Judging by their latest work, The Big Time: New Vaudeville for the Holidays, the writers at 1812 Productions should have been born 100 years earlier. Their show illustrates that while the need for comedic talent and a knack for performance may hold constant from era to era, each age's subject matter must reflect its time - and audience.
The Big Time consists of two acts of skits, songs, and comedic segments, most introduced by titled cards. "The Hillbilly Legend," Scott Greer, sings clever ditties about reluctant girls; Jennifer Childs proves attitude equals appeal in the bubblegum burlesque "Up and Away"; and in "Dave's Day in Court," Dave Jadico plays a mustachioed tennis player from the '70s, wearing too-short shorts that would have embarrassed the cast of Three's Company.
In a running interlude, Childs and Jadico appear as a young couple preparing for a date ('50s prom, '80s club, etc.), pantomiming the dressing, driving, and decorum of each age. Gregory Nix plays an earnest stagehand who longs for a full role in the cast; the show builds its brief arc around his character, who also adds narration and a bit of historical exposition.
It's all done with a heap of panache and sharp timing that only promise to improve when local comedy heavyweight Tony Braithwaite joins the cast halfway through the run. But no matter how impressive the delivery, the material remains rooted in a bygone time and reminds - at its best - of The Lawrence Welk Show, Hee Haw, and a slew of variety shows long ago purged from television and the cultural consciousness.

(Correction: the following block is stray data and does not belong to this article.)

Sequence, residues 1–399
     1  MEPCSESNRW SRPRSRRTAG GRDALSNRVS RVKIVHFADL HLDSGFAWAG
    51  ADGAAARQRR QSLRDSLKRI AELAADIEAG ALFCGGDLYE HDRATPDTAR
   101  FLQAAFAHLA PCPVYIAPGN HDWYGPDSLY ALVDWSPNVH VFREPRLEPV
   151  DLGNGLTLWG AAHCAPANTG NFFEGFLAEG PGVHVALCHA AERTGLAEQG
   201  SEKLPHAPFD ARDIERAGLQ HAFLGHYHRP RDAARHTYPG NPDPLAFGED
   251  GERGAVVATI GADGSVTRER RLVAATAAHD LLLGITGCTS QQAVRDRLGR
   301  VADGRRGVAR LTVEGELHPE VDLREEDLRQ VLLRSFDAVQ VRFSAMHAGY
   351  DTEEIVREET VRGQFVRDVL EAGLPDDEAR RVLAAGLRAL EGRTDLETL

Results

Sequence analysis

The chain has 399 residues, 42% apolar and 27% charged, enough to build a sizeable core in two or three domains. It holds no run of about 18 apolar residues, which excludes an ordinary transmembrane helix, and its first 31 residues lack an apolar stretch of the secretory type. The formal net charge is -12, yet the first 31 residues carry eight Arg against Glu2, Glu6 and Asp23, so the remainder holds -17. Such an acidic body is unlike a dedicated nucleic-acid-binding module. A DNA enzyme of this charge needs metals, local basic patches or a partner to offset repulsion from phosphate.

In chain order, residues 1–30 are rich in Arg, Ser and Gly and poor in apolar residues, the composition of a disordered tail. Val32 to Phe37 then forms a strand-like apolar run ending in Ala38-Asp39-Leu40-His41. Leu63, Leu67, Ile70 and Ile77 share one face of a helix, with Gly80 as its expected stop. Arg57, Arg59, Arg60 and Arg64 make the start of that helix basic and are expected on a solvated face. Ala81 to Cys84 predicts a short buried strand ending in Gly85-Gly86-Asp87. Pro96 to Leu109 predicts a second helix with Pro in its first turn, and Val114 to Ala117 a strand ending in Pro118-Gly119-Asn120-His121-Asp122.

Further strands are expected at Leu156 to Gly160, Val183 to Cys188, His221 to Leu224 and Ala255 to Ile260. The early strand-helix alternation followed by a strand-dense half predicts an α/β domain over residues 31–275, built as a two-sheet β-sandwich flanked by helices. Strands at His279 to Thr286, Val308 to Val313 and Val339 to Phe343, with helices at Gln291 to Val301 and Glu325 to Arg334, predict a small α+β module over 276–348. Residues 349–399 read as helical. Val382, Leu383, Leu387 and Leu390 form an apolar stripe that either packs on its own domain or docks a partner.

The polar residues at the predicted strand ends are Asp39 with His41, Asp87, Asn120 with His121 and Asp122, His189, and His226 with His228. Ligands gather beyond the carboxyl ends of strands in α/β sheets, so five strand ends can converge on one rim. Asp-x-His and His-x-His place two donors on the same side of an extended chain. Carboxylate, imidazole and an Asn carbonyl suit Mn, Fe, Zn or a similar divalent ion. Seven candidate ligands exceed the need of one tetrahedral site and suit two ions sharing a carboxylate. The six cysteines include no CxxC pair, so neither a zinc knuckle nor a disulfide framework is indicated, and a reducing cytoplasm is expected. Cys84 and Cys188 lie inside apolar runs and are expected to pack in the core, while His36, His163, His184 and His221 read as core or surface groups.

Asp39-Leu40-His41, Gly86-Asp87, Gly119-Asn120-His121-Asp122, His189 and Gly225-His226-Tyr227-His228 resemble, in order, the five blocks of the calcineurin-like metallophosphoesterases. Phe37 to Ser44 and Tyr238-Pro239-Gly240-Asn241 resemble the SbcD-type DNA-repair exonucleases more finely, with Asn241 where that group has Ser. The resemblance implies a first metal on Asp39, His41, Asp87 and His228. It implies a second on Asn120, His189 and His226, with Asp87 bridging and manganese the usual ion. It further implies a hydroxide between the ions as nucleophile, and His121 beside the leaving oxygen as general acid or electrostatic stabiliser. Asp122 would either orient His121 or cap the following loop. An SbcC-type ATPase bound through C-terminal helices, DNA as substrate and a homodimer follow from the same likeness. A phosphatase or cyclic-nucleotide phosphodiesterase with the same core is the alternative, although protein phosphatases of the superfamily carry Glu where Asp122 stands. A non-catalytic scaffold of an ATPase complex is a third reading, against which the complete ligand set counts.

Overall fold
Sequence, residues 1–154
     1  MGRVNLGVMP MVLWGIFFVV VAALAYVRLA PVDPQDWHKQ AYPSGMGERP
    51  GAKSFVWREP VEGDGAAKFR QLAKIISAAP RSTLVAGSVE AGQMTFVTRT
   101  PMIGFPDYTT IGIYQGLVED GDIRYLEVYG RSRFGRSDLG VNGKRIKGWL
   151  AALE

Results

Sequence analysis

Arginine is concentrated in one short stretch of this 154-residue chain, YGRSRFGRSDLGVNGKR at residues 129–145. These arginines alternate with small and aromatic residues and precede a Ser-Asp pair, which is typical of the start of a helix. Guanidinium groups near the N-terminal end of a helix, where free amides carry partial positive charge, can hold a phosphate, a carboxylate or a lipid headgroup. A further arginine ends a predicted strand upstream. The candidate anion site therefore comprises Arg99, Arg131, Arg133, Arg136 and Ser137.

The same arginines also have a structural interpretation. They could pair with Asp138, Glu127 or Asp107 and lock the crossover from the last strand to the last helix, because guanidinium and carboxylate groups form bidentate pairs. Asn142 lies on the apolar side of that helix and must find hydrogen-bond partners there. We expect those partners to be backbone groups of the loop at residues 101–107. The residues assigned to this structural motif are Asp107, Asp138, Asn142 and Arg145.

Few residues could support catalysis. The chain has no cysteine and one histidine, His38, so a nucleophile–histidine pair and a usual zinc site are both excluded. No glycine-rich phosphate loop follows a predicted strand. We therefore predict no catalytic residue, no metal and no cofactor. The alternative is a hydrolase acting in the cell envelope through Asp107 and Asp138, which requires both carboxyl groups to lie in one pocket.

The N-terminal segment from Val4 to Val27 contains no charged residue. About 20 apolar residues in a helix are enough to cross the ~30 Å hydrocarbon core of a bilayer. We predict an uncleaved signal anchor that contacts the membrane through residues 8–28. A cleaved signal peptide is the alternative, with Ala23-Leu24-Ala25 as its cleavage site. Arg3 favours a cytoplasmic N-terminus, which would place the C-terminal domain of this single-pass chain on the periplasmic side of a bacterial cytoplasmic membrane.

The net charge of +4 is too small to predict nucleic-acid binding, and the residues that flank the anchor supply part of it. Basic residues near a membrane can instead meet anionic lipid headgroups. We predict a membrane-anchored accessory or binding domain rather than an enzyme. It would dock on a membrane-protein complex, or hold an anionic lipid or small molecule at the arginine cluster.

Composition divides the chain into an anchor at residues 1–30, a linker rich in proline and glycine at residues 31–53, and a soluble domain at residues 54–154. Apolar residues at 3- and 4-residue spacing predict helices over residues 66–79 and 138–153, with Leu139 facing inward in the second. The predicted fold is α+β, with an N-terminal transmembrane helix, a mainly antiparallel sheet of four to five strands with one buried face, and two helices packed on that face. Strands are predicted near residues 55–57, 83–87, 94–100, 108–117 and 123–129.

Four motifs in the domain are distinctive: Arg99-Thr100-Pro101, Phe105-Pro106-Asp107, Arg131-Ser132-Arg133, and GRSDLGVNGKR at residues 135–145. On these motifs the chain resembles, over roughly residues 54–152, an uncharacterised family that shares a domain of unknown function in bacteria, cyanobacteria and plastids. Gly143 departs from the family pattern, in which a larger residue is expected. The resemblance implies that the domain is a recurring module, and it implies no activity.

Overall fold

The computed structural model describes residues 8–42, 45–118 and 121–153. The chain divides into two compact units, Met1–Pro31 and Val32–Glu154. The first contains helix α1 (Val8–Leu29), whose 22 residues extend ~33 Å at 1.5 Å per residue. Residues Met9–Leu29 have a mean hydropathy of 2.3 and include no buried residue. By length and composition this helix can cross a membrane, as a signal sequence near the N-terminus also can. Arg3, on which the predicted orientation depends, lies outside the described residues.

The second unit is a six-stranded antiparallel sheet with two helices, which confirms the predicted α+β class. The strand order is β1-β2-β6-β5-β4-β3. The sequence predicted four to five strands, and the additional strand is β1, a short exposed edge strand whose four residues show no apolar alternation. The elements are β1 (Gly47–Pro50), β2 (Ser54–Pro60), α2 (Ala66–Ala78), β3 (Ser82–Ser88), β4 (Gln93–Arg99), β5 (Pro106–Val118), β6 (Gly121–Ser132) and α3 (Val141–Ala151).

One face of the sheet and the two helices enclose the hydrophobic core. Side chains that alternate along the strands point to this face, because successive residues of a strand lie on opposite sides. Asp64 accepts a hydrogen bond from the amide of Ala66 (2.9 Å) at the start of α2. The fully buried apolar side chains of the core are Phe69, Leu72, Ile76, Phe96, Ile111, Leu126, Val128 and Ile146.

And while Childs and Greer attempt to inject new life into a blend of Smith and Dale-style jokes, even some of the new material falls flat when compared to past 1812 shows (really, how many times does 1812's audience need to see Jadico juggle?).
In his opening monologue, Nix tells us about vaudeville that "shows like this don't exist anymore." Yeah, there's a reason for that.
Big Time: New Vaudeville for the Holidays
Presented by 1812 Productions through Dec. 31 at Plays and Players Theatre, 1714 Delancey Pl.
Tickets: $30 to $40. Information: 215-592-9560, 1812productions.org.